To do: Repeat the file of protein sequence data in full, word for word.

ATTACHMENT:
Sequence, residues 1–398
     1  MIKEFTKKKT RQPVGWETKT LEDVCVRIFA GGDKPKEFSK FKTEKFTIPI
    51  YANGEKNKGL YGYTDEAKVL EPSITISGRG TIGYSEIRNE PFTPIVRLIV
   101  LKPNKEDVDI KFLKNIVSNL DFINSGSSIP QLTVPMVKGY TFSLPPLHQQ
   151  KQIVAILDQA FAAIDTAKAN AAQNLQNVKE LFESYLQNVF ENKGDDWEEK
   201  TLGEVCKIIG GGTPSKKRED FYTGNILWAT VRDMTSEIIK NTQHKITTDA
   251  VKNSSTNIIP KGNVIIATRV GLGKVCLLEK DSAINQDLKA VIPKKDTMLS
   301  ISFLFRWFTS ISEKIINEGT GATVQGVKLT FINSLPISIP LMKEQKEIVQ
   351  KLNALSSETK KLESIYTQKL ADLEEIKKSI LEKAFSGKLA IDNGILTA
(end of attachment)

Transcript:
Sequence, residues 1–398
     1  MIKEFTKKKT RQPVGWETKT LEDVCVRIFA GGDKPKEFSK FKTEKFTIPI
    51  YANGEKNKGL YGYTDEAKVL EPSITISGRG TIGYSEIRNE PFTPIVRLIV
   101  LKPNKEDVDI KFLKNIVSNL DFINSGSSIP QLTVPMVKGY TFSLPPLHQQ
   151  KQIVAILDQA FAAIDTAKAN AAQNLQNVKE LFESYLQNVF ENKGDDWEEK
   201  TLGEVCKIIG GGTPSKKRED FYTGNILWAT VRDMTSEIIK NTQHKITTDA
   251  VKNSSTNIIP KGNVIIATRV GLGKVCLLEK DSAINQDLKA VIPKKDTMLS
   301  ISFLFRWFTS ISEKIINEGT GATVQGVKLT FINSLPISIP LMKEQKEIVQ
   351  KLNALSSETK KLESIYTQKL ADLEEIKKSI LEKAFSGKLA IDNGILTA